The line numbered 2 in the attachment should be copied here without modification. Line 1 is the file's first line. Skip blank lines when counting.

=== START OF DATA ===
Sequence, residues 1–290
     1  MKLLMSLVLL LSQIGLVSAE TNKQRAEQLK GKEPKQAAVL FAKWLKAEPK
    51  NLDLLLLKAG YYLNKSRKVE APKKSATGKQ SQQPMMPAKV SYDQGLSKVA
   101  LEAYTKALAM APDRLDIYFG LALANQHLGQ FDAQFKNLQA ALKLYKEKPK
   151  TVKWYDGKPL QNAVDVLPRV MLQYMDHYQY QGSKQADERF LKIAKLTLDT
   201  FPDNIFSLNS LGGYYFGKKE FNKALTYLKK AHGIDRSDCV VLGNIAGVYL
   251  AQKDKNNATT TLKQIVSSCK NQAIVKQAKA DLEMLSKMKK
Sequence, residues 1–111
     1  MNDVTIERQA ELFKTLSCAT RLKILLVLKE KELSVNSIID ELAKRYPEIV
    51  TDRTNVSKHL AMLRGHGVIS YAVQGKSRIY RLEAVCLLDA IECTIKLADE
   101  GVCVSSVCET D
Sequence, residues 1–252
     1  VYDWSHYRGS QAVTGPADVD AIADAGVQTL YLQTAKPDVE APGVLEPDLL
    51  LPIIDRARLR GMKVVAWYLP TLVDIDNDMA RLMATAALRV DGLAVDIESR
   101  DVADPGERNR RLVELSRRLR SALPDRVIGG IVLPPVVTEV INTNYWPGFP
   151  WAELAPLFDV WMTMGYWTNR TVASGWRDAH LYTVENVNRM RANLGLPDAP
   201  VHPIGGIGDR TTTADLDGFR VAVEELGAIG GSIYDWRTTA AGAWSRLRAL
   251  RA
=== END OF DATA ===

     1  MKLLMSLVLL LSQIGLVSAE TNKQRAEQLK GKEPKQAAVL FAKWLKAEPK